RELEASE: Minnesota submits Every Student Succeeds Act state plan with focus on improving equity in schools

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department of education

For Immediate Release

Contact: Josh Collins


September 18, 2017

Previous Announcements

Minnesota submits Every Student Succeeds Act state plan with focus on improving equity in schools

Plan emphasizes outcomes for each student population at every school and will increase number of Minnesota schools receiving on-the-ground support 

ROSEVILLE, MN – Today, the Minnesota Department of Education submitted the state’s Every Student Succeeds Act (ESSA) plan to the U.S. Department of Education for review and approval. Developed over the last 21 months, with input from 300 public meetings and feedback from thousands of stakeholders from across the state provided, Minnesota’s plan is designed to create more equitable opportunities and outcomes for all students.

“Minnesotans have always placed a high value on our schools and the world of opportunities that come from a great education,” Education Commissioner Brenda Cassellius. “Our state plan was created with input from thousands of educators, parents and community members and is grounded in our goal that every child has access to an education that celebrates a student’s unique assets, works to overcome barriers to learning and helps every child reach their full potential.”

The Every Student Succeeds Act (ESSA) was signed in December 2015 as the nation’s new pre-K through grade 12 federal education law, replacing No Child Left Behind (NCLB) and promises to address educational disparities and inequities for students living in poverty, students of color, American Indian students, and students with disabilities. Unlike NCLB, the new ESSA law has at its core a commitment to not only identifying achievement disparities among students, but requires states to work with underperforming schools to  create individual plans that strategically address disparate outcomes.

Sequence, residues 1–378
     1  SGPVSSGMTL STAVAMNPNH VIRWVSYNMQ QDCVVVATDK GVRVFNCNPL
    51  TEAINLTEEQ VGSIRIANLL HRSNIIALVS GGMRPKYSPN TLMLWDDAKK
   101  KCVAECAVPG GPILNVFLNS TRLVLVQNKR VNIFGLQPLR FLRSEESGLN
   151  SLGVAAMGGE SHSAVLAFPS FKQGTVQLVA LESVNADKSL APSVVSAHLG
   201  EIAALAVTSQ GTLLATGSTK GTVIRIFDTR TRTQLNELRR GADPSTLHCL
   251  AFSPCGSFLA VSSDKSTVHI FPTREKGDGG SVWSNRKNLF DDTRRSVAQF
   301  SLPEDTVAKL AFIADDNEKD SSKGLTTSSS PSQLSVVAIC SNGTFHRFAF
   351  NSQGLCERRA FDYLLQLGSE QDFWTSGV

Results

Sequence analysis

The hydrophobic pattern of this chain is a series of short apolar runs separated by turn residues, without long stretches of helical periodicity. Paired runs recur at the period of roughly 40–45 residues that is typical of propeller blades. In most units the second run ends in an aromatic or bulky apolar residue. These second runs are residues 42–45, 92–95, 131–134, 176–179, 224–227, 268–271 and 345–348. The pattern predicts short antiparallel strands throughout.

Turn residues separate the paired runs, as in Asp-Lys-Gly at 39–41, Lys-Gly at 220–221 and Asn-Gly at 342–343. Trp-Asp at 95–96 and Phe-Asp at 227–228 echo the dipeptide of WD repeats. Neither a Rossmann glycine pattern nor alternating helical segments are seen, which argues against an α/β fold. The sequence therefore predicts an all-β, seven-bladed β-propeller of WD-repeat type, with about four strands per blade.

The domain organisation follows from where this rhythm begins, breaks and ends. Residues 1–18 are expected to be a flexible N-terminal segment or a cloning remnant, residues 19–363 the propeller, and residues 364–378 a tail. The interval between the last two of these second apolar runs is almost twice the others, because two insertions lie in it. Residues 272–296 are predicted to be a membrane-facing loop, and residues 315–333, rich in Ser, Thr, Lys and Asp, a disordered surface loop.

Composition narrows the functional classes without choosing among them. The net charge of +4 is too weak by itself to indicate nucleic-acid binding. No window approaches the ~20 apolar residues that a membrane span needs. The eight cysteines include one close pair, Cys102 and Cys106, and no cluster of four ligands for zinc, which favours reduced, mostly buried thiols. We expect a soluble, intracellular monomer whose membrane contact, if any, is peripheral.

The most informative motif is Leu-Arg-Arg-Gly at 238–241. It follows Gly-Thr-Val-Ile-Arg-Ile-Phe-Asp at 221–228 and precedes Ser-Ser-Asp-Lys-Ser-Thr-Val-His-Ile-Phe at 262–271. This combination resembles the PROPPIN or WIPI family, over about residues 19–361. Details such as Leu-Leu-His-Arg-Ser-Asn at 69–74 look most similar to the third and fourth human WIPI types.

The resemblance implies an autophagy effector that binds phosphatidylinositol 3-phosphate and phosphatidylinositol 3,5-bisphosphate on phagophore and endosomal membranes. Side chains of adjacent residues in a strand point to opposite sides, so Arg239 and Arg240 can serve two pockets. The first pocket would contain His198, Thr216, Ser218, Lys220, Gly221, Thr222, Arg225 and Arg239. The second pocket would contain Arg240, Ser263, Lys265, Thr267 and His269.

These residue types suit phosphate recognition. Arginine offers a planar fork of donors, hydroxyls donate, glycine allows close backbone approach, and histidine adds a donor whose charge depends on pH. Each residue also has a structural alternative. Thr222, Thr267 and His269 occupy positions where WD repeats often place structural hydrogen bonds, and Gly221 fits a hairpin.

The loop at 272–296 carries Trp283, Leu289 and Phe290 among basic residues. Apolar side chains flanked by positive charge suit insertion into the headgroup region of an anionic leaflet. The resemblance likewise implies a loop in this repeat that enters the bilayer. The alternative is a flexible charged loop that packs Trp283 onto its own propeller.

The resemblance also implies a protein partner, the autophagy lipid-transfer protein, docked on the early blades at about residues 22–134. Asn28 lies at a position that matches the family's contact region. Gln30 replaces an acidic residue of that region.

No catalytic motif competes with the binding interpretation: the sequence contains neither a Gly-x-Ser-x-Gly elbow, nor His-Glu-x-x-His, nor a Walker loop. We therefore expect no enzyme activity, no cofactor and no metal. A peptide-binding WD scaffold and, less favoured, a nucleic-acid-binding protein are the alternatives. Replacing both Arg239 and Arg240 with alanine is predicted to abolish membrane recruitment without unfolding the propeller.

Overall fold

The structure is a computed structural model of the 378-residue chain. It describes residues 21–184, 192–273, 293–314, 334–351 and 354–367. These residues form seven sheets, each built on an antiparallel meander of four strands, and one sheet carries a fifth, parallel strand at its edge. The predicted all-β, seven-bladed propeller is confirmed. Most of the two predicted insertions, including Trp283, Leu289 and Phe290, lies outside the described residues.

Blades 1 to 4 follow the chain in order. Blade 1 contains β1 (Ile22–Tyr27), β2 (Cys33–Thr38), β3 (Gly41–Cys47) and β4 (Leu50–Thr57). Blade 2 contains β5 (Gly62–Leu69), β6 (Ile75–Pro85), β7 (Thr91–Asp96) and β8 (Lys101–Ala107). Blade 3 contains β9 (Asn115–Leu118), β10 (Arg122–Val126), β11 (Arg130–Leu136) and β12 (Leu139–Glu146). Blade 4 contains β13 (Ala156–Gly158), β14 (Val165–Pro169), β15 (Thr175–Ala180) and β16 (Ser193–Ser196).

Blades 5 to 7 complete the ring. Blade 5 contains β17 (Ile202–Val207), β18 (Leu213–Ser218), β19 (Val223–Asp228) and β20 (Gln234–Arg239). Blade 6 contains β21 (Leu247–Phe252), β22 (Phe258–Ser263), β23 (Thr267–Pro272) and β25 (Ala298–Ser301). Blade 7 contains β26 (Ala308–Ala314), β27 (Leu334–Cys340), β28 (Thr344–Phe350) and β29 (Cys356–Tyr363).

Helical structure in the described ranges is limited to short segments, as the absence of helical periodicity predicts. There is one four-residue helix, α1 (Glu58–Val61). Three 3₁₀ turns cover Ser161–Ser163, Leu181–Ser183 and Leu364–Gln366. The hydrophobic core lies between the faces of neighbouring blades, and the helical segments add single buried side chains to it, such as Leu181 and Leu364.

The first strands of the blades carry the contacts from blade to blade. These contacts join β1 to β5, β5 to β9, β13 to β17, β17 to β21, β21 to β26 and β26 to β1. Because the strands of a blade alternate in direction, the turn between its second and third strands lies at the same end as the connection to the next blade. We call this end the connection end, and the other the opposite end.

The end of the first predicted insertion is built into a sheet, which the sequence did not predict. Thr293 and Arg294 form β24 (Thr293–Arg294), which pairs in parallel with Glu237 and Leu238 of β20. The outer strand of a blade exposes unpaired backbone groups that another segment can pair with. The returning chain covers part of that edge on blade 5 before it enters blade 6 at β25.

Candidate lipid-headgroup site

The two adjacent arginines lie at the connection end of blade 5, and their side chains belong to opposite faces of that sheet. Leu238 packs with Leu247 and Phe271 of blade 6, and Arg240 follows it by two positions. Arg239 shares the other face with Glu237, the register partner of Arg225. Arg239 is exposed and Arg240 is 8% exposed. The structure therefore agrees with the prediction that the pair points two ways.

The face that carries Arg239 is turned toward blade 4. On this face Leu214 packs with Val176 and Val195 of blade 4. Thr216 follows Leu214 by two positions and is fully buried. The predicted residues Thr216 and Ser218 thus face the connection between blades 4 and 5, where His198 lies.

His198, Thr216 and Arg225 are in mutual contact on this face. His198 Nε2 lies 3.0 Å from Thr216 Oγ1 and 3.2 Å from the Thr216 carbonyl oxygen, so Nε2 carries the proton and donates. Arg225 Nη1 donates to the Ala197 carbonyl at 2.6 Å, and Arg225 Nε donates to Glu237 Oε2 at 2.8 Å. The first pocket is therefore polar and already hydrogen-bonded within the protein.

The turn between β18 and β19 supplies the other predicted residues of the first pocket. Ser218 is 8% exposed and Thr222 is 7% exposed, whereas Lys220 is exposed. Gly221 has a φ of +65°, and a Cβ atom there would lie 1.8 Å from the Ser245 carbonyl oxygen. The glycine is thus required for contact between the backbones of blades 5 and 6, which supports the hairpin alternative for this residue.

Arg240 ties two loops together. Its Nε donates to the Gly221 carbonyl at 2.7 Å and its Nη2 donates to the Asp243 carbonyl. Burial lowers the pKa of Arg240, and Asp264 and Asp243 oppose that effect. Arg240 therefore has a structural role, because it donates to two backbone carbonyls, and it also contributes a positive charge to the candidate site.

Minnesota’s ESSA plan emphasizes family and community engagement during all stages of a student’s educational career. It requires that school districts consult with all local tribal nations and communities, and outlines a process for creating a more cohesive statewide approach to supporting English learners. Further, the plan ensures that local school districts will be held accountable for supporting every student in their schools. Instead of only looking at overall student achievement, schools will be accountable for the achievement of students by race, socio-economic status and disability. Schools will also be required to look at their expulsion and suspension data closely and integrate strategies to address disparities and improve school attendance rates.

“Creating a world-class education system doesn’t happen in a vacuum, it requires all hands on deck,” said Cassellius. “I want to thank the teachers, school leaders and community members who contributed to shaping this plan. Together, we have created a roadmap that will lead us to better outcomes and opportunities for every child in Minnesota.

Under Minnesota’s ESSA plan, the state’s award-winning Regional Centers of Excellence will significantly expand their involvement with schools and districts identified as needing support to improve. The plan calls for identification and varying levels of support for between 300 and 400 schools, an increase from the 85 schools currently working with the Regional Centers under the NCLB waiver. Minnesota high schools will be included in the cohort of schools receiving assistance and support. The Regional Centers, recognized by Harvard University as a top program in national innovation in 2015, provide on-the-ground assistance to districts and schools to create the capacity and conditions that support change. This support can be a variety of forms, such as guidance on professional development, community engagement or reviewing data.

Next Steps and Additional Information

The U.S. Department of Education has 120 days to respond to Minnesota’s state plan, after which the work to implement the finalized plan will begin.

Minnesota’s plan, as submitted, is available on the MDE website here:

Commissioner Cassellius also released a letter to stakeholders outlining changes between the draft state plan posted for public comment on August 1 and the finalized plan submitted today. The letter is available on the MDE website at:

An executive summary of the plan is available on the MDE website at: